W3C home > Mailing lists > Public > www-html@w3.org > February 2000

Re: inline CSS (was: is anyone interested in XHTML?)

From: Håkon Wium Lie <howcome@opera.com>
Date: Tue, 22 Feb 2000 11:42:57 +0100 (Romance Standard Time)
Message-ID: <14514.26673.890000.838495@ETTE>
To: Murray Altheim <altheim@eng.sun.com>
Cc: www-html@w3.org
Also sprach Murray Altheim:

 > !important fails in that it requires that a user somehow has available on 
 > their machine a stylesheet tailored to their particular needs

That's right. A style sheet tailored to their particular needs.

 > that this 
 > stylesheet somehow can override the author's stylesheet (which means that 
 > it can magically attach to any document, no matter which ML), that they
 > somehow would have previous access to the document's markup in order to 
 > know *what* to override

True, that's why we have a limited set of HTML elements.

 > With XML's lack of fixed vocabulary this is
 > clearly useless

No. Consider:

  * { color: black; background: white }

But you are right in pointing out that generic XML on the web raises
accessibility concerns.

 > >  > I clearly see a pattern of CSS people doing whatever they can to proliferate
 > >  > CSS into every damned spec coming out of the W3C,
 > > 
 > > I find your language offensive. W3C is naturally interested in reuse
 > > and synergy between its specifications.
 > I don't think forcing a vector graphics specification to use styling is 
 > exactly "reuse", and the presence of the SVG minority report would tend 
 > to confirm my opinion.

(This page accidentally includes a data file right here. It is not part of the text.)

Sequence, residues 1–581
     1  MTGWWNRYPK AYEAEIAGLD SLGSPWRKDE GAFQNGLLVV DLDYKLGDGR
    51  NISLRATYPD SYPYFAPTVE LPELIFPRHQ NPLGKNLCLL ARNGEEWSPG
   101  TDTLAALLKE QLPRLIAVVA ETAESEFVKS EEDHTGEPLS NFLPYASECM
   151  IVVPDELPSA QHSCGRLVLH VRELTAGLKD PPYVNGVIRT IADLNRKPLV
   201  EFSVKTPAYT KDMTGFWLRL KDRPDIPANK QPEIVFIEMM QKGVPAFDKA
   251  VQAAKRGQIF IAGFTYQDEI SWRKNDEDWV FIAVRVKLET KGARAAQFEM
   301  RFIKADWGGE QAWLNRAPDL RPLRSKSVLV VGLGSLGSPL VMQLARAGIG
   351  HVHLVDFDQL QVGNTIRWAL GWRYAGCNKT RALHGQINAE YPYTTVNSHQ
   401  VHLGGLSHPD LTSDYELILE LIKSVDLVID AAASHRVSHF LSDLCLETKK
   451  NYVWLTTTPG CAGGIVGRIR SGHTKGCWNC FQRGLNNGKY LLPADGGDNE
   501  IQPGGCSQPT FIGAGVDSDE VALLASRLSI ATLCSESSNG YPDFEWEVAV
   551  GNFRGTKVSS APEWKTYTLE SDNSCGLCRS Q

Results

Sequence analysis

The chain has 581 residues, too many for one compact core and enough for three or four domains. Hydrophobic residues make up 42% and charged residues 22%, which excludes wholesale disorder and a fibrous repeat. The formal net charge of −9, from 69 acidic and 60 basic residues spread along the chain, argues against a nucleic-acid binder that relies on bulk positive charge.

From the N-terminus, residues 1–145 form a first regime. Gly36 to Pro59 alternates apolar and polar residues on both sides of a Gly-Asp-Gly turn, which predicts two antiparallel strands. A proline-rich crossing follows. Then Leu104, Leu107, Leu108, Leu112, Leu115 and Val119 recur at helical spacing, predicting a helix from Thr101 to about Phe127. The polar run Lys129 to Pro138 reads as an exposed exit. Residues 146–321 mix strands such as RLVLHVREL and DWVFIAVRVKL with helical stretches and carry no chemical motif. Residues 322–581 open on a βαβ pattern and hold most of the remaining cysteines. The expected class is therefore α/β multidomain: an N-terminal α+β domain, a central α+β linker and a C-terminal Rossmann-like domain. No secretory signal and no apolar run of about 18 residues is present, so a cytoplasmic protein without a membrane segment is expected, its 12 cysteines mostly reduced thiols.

I think a style sheet language makes perfect sense in vector graphics.
It lets you make all door handles red in one operation, or give them
the same color as the headings in your document. The issue in the SVG
seems to be that some vendors want a final form format rather than a
restylable, reusable one.

 > There's a vocal feedback on both sides of the aisle, and I expect there
 > always will be.  I've heard all manner of argument for and against frames,
 > too. I always expect that you and Chris and Bert are going to argue in 
 > favor of inline styles, just as we all did in 1995. You guys always seem 
 > to gloss over all the problems that this implies for WAI, i18n, and now 
 > document transformations. 

What problems does the STYLE attribute create for and WAI, i18n? I'm
aware that XSLT isn't suited for dealing with the STYLE attribute.



Chief Technology Officer                                Opera Software
Håkon Wium Lie                     http://www.opera.com/people/howcome
howcome@opera.com                                gets you there faster
Received on Tuesday, 22 February 2000 05:35:59 UTC

This archive was generated by hypermail 2.4.0 : Thursday, 30 April 2020 16:20:39 UTC